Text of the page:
Friday, August 01, 2008
Get Back in Line
Wal-Mart Stores Inc said on Friday it has held meetings with U.S. store managers warning them of issues that could arise if Democrats win power and pass a law that would make it easier for workers to unionize, but stressed it was not telling workers how to vote.
Wal-Mart opposes proposed legislation called the Employee Free Choice Act, which would make it easier for workers to unionize by signing a card rather than holding a vote. [...]
The Journal report said Wal-Mart human-resources managers who run the meetings do not specifically tell attendees how to vote in November's presidential election, but they make it clear that voting for Democratic presidential hopeful Senator Barack Obama would be tantamount to inviting unions in.
The weakening, and dismantling, of unions that began during the Reagan administration (and continued more or less uninterrupted since then) has not served America well. Yes, some unions go too far on some issues (corporations never do though!), but the alternative - a severely weakened and voiceless labor market - is considerably worse for most Americans. The pendulum has swung too far in the other direction.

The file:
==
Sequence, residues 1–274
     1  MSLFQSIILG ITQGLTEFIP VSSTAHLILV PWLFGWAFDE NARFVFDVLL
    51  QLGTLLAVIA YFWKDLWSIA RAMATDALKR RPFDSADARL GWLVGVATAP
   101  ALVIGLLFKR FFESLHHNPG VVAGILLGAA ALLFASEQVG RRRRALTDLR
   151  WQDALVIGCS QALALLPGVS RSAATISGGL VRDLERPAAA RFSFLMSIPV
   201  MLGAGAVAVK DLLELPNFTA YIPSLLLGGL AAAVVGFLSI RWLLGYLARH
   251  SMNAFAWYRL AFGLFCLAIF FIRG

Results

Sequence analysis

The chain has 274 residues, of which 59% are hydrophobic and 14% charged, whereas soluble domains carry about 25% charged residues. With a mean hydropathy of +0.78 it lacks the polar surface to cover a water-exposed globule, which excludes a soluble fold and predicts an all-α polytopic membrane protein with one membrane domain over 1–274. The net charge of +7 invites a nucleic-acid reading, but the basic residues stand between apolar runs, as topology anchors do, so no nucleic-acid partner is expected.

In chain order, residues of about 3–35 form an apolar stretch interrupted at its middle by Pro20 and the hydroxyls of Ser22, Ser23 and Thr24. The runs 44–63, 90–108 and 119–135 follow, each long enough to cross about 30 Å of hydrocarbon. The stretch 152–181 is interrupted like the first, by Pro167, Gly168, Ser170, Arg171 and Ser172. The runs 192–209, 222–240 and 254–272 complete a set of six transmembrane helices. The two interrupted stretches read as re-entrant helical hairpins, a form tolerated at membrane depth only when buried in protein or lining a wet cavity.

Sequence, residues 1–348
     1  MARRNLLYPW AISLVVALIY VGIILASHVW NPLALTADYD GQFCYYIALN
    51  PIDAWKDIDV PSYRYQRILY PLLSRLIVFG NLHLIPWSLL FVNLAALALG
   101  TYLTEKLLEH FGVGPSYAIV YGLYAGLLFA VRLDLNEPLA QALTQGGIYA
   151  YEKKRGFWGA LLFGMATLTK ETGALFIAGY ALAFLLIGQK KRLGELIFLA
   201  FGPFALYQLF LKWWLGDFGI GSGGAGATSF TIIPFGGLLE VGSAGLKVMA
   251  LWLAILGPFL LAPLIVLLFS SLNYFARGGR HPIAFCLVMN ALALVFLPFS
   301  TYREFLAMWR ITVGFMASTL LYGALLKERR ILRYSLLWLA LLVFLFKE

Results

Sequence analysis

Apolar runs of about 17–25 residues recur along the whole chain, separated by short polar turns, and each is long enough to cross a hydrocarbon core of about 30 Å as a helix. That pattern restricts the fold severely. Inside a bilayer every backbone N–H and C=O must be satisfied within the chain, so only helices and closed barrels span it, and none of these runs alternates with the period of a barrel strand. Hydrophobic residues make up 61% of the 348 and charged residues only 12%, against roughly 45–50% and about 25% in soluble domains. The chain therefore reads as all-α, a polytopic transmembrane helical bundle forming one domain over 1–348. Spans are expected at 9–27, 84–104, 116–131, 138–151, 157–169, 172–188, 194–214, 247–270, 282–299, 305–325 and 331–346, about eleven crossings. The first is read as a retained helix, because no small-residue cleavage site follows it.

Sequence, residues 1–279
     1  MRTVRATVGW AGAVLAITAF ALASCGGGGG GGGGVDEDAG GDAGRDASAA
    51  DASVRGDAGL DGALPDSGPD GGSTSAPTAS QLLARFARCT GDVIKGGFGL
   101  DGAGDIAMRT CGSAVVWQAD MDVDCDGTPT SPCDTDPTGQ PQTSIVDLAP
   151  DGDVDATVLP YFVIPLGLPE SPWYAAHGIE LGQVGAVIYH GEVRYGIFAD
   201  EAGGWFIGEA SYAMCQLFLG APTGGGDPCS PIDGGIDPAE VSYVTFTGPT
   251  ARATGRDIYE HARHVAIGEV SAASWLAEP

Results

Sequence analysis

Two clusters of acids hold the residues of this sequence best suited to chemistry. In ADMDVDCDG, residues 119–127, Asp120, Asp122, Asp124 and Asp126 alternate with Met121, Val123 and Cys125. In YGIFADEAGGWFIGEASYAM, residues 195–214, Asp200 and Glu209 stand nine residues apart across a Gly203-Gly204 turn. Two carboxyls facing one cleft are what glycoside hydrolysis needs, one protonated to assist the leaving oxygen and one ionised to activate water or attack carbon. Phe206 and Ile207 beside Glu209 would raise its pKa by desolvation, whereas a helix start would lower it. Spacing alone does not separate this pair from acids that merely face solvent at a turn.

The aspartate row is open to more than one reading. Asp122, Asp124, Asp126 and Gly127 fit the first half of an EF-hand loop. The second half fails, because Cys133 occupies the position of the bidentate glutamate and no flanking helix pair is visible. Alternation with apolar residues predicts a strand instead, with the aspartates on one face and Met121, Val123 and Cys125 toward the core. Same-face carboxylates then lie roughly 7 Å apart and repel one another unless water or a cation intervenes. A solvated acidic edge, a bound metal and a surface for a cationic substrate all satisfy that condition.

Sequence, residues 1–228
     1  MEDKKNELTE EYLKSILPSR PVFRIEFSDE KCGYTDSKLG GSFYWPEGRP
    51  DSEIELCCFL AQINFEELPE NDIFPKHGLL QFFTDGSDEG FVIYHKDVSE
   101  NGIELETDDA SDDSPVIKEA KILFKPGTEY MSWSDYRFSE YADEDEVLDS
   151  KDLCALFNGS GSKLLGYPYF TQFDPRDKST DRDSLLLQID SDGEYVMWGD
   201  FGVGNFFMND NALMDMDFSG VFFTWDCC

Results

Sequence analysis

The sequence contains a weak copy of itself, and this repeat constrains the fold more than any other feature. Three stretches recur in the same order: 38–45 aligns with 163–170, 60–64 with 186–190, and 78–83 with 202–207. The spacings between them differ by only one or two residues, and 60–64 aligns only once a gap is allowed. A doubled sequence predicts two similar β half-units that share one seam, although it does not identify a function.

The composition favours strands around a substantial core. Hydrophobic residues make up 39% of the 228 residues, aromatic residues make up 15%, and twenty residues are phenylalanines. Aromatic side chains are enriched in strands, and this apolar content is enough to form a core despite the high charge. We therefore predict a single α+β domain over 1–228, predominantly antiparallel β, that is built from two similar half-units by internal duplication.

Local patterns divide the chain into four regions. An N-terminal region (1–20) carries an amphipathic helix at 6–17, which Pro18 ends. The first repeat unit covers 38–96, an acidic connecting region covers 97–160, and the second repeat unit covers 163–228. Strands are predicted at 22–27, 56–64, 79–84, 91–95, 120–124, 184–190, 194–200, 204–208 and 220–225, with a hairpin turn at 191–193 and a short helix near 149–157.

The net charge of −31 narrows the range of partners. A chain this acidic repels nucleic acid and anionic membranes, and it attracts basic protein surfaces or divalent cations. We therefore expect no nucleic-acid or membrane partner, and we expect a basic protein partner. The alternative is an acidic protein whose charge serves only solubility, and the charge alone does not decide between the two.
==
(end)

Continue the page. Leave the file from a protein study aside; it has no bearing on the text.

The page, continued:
Just one example: unions used to provide an effective check on out of control executive pay. Unions would rightly demand a cut of the pie when executives tried to give themselves out of proportion pay raises. It was exceedingly difficult for executives to argue that they deserved multi-million dollar raises, but that there was no money to offer a modest raise for the average company worker. The lack of union controls on this process is one of the factors that has led to vast disparities of wealth in the United States - disparaties not seen since the Gilded Age. To simplify matters: economies are stronger, and societies healthier, when the middle class is thriving. Unions can help to create a larger, more robust middle class.
Right. It's the unions that do that to workers. Better to trust management to take care of its employees. Which Wal-Mart has done a fine job of.
The Wall Street Journal reported that about a dozen employees who attended meetings in seven states said executives told them employees would be required to pay hefty union dues and get nothing in return, and warned that unionization could force Wal-Mart to cut jobs as labor costs rise.